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Jansson, Ronnie
Publications (3 of 3) Show all publications
Petrou, G., Jansson, R., Högqvist, M., Hedhammar, M. & Crouzier, T. (2018). Engineering mucoadhesive silk. Paper presented at 255th National Meeting and Exposition of the American-Chemical-Society (ACS) - Nexus of Food, Energy, and Water, MAR 18-22, 2018, New Orleans, LA. Abstracts of Papers of the American Chemical Society, 255
Open this publication in new window or tab >>Engineering mucoadhesive silk
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2018 (English)In: Abstracts of Papers of the American Chemical Society, ISSN 0065-7727, Vol. 255Article in journal, Meeting abstract (Other academic) Published
Place, publisher, year, edition, pages
American Chemical Society (ACS), 2018
National Category
Chemical Sciences
Identifiers
urn:nbn:se:kth:diva-240166 (URN)000435537701238 ()
Conference
255th National Meeting and Exposition of the American-Chemical-Society (ACS) - Nexus of Food, Energy, and Water, MAR 18-22, 2018, New Orleans, LA
Note

OC 20190110

Available from: 2019-01-11 Created: 2019-01-11 Last updated: 2019-05-10Bibliographically approved
Petrou, G., Jansson, R., Hogqvist, M., Erlandsson, J., Wågberg, L., Hedhammar, M. & Crouzier, T. (2018). Genetically Engineered Mucoadhesive Spider Silk. Biomacromolecules, 19(8), 3268-3279
Open this publication in new window or tab >>Genetically Engineered Mucoadhesive Spider Silk
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2018 (English)In: Biomacromolecules, ISSN 1525-7797, E-ISSN 1526-4602, Vol. 19, no 8, p. 3268-3279Article in journal (Refereed) Published
Abstract [en]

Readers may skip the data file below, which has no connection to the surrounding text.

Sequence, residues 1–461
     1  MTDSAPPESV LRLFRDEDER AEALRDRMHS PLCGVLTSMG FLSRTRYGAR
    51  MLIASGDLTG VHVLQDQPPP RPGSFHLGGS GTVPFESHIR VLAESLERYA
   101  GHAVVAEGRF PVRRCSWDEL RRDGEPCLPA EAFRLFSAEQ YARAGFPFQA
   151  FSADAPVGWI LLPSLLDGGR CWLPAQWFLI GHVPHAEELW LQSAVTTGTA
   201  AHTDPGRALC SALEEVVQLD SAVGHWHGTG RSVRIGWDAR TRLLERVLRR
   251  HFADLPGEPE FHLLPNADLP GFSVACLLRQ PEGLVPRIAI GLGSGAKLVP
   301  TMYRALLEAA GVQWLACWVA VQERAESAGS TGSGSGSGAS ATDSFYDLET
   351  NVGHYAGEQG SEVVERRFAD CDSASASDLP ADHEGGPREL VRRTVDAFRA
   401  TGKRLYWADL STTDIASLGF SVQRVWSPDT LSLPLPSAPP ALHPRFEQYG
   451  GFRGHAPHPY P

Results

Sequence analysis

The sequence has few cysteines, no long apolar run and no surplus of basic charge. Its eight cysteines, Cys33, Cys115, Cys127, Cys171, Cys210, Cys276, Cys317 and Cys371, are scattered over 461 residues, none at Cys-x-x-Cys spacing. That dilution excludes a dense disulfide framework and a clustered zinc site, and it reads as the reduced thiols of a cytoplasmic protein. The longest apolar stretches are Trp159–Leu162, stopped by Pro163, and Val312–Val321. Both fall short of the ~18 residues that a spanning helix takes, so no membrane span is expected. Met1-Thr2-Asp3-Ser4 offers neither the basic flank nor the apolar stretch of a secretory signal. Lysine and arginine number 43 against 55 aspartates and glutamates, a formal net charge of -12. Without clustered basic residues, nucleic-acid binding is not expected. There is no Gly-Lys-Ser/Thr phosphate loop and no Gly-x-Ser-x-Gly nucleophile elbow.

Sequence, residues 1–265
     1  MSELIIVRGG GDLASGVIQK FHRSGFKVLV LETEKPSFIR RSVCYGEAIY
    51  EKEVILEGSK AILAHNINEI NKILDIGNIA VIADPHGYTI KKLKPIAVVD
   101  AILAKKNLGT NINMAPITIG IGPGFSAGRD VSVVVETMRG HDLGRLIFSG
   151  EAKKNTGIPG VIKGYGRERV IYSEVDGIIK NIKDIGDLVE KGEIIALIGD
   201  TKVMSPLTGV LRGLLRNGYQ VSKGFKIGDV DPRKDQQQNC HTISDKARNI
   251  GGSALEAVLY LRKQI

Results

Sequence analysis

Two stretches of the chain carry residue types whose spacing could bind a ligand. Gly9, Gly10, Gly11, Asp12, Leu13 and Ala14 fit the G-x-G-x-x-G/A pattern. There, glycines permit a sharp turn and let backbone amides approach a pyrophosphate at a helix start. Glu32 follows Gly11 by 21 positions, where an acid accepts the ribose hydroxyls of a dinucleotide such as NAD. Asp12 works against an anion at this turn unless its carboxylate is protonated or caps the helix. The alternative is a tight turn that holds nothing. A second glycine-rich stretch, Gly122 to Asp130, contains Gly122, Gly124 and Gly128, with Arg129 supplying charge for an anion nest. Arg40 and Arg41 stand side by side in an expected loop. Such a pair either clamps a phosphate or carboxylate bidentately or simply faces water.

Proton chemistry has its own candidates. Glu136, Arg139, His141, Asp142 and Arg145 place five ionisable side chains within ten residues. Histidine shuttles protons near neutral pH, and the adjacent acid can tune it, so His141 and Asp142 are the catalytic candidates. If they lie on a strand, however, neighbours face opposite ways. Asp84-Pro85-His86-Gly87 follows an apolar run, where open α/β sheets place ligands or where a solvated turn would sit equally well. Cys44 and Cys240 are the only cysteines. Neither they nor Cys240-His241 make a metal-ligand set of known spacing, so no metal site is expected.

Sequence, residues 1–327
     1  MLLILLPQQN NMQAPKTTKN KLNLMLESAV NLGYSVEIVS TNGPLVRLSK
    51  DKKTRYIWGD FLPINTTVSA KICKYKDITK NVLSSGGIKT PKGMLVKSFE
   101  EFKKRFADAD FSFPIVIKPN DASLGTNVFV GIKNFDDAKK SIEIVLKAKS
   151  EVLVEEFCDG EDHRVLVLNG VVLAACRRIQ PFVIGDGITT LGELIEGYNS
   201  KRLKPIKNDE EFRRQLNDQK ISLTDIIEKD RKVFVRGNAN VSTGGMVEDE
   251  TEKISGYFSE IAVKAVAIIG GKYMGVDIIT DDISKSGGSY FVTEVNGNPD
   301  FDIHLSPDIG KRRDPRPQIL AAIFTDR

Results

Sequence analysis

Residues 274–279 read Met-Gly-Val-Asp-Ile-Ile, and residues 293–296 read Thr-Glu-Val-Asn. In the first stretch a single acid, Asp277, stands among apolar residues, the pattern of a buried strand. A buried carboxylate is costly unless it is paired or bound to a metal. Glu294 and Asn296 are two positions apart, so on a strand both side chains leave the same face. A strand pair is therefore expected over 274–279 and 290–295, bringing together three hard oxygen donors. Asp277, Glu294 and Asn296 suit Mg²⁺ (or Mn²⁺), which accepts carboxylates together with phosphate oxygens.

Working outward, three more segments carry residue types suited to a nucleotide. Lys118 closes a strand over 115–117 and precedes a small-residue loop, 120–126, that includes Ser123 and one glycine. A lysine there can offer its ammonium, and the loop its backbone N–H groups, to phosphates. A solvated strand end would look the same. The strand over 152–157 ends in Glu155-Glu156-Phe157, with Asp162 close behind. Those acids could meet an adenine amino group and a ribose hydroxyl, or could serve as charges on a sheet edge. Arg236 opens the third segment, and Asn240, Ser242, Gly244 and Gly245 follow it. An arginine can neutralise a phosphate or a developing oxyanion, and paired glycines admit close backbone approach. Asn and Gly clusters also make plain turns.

Mucoadhesion is defined as the adhesion of a material to the mucus gel covering the mucous membranes. The mechanisms controlling mucoadhesion include nonspecific electrostatic interactions and specific interactions between the materials and the mucins, the heavily glycosylated proteins that form the mucus gel. Mucoadhesive materials can be used to develop mucosal wound dressings and noninvasive transmucosal drug delivery systems. Spider silk, which is strong, biocompatible, biodegradable, nontoxic, and lightweight would serve as an excellent base for the development of such materials. Here, we investigated two variants of the partial spider silk protein 4RepCT genetically engineered in order to functionalize them with mucoadhesive properties. The pLys-4RepCT variant was functionalized with six cationically charged lysines, aiming to provide nonspecific adhesion from electrostatic interactions with the anionically charged mucins, while the hGal3-4RepCT variant was genetically fused with the Human Galectin-3 Carbohydrate Recognition Domain which specifically binds the mucin glycans Gal beta 1-3GlcNAc and Gal beta 1-4GlcNAc. First, we demonstrated that coatings, fibers, meshes, and foams can be readily made from both silk variants. Measured by the adsorption of both bovine submaxillary mucin and pig gastric mucin, the newly produced silk materials showed enhanced mucin binding properties compared with materials of wild-type (4RepCT) silk. Moreover, we showed that pLys-4RepCT silk coatings bind mucins through electrostatic interactions, while hGal3-4RepCT silk coatings bind mucins through specific glycan-protein interactions. We envision that the two new mucoadhesive silk variants pLys-4RepCT and hGal3-4RepCT, alone or combined with other biofunctional silk proteins, constitute useful new building blocks for a range of silk protein-based materials for mucosal treatments.